Challenges and Success of EMERGE in Sri Lanka
Challenges and Success of EMERGE in Sri Lanka
4 Lessons and Successes of CARE Sri Lanka’s Men Engaging Project
CARE Sri Lanka’s project Empowering Men to Engage and Redefine Gender Equality, (EMERGE) is the first project of its kind in Sri Lanka, treading uncharted territory, and clearing the path for others to follow. We implement our project by engaging youth, establishing change agents, and engaging married couples. Although CARE Sri Lanka has worked on many gender projects over the years, EMERGE stands out for us because it is the first time we have looked at the gender through the eyes of men. This means that we moved beyond an approach that isolates men as perpetrators of gender based violence, and have tried to include them in the process of finding solutions. Our experience with this project is that providing a space for men to engage, be involved and understand the importance of their positive engagement, allows for a better life for men and women, and has also brought home to us the importance of inclusiveness in sustainable development. This has been a learning experience with many challenges and successes along the way, and we’d like to help others learn from our experience:
- Good help is hard to find As the first of its kind, EMERGE confronted a lack of available expertise in the country. Before we could implement activities, we had to create a pool of trainers on men and masculinities, and there were very few external experts to turn to. There is simply not enough experience in the country to look to for help, so we get to be the first ones to make all the mistakes.
- Incentives matter Gender equality is not a priority for most people, especially youth. Completing education, getting a job, and supporting family takes precedence. Mobilizing, sustaining their interests, and doing planned activities is a constant challenge when the turnover is high. At the same time, keeping youth engaged is also difficult because there is no tangible incentive they receive from being a part of this program. They would much rather engage in something that gives them a new cricket or football field.
- You have to get their attention In the beginning, piquing men’s interest was challenging merely because men have come to equate NGOs with women, and see NGOs as working for women’s interests. There was no incentive for them to be a part of a space they do not trust could serve their interest.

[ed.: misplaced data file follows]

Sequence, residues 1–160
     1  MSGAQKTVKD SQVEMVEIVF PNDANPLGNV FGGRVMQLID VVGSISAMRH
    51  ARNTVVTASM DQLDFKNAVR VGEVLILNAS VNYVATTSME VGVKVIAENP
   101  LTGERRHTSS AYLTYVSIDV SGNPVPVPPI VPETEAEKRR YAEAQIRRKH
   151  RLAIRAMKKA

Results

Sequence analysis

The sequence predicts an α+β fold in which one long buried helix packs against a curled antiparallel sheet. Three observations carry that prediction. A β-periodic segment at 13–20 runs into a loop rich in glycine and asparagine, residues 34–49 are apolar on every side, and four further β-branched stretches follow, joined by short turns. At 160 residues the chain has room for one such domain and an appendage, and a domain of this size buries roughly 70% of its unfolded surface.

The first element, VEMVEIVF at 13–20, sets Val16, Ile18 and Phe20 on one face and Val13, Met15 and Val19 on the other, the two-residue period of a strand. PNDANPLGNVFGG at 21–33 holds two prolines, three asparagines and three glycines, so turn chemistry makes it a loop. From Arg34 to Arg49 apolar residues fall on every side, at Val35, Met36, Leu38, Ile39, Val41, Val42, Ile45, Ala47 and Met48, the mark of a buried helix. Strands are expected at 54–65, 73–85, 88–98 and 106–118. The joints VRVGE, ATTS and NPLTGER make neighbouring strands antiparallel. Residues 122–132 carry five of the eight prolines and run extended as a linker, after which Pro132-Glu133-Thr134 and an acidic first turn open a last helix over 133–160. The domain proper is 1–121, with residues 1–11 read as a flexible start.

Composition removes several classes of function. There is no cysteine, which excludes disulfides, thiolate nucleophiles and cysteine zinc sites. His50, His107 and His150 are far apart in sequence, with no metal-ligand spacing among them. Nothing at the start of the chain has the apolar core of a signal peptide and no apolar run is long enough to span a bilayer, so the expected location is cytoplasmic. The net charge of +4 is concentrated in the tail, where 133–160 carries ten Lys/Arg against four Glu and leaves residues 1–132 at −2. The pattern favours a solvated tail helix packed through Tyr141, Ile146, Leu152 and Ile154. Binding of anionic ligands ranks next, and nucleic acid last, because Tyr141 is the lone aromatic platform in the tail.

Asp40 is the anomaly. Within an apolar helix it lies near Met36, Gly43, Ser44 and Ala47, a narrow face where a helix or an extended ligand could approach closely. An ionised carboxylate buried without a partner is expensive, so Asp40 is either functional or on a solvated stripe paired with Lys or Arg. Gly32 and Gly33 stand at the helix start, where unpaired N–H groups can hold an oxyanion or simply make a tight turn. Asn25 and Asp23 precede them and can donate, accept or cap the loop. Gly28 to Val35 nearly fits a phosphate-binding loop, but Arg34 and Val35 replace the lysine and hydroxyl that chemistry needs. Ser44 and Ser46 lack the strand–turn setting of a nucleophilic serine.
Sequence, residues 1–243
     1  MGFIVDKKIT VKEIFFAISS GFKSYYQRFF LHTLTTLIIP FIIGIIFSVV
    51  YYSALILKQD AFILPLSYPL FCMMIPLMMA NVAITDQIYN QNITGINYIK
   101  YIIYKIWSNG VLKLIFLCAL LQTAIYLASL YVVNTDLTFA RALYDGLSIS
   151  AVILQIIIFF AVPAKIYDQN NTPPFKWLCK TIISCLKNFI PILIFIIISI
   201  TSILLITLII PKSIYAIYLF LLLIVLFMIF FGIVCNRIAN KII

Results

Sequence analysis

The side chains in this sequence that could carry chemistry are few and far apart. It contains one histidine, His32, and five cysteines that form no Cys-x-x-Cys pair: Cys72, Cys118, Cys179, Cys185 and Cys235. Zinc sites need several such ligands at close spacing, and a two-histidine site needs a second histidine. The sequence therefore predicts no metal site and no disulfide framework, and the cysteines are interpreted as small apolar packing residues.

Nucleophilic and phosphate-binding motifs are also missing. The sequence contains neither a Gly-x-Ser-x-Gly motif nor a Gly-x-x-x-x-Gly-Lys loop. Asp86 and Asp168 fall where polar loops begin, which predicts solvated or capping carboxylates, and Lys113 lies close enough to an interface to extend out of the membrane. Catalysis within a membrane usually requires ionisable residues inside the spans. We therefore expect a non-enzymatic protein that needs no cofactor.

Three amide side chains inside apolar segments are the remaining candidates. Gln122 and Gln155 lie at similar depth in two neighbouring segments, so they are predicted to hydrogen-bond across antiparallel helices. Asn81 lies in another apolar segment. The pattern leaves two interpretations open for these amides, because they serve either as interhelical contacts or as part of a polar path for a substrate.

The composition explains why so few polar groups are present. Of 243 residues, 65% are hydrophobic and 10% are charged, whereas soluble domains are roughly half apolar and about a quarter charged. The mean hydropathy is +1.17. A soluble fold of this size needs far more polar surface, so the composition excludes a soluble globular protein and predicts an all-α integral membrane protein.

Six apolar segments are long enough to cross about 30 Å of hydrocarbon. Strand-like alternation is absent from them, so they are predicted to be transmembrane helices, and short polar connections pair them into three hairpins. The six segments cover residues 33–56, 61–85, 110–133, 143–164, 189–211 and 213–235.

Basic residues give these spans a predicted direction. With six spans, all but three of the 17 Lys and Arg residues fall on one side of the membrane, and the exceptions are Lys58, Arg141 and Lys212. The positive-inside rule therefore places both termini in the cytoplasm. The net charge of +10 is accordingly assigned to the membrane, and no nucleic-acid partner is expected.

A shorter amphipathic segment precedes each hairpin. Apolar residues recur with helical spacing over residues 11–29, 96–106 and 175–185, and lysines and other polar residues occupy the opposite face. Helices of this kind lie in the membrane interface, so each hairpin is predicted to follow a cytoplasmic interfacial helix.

- Don’t undermine your own goals We need to be very careful and ensure that working with men does not give more power to men, when the point is to deconstruct that power. Although we are working on engaging men, we have not yet found the magic bullet to make sure we avoid reinforcing patriarchal norms that keep giving power to men. We have established
The situation is not all bad. We’ve learned a lot about how to have success, too.
- Evidence makes a difference In order to better understand the Sri Lankan context, our baseline survey turned into a grand research on the gender knowledge, attitudes, and practices of men and women in four districts of Sri Lanka. The study is available here for your perusal. It has picked up great traction in the Sri Lankan community and has also resulted in the production of policy briefs in order to prevent gender-based violence.
- Safe spaces help The Happy Families program where married couples receive training on men and masculinities, and guidance on gender relations has created a safe space for discussion, mediation and sharing of perspectives. It allows spouses to bring their experiences and opinions to the table and openly work through them. The best part is that it is a completely accepted space by the community, and a very useful venue to communicate our message which includes both men and women.
- Role models make a difference The couples from the Happy Families program are becoming good examples for empirical observations by others in their communities. It provides people with an alternative way a family can operate which is not based on problematic gender roles and rigid power dynamics.
- Change starts at home We have established male change agents in each community that are taking their responsibility rather seriously. They are mentors for others in the community – ones that possess the knowledge and informally disseminate it through their actions, beliefs and conversations with others.
Even though engaging men and boys is a new, and therefore challenging, approach to ending gender-based violence, we have seen quite a few positive changes in men already. They are better aware of gender concepts, and challenging their own masculinity a little bit every day in order to equalize the space between them and women.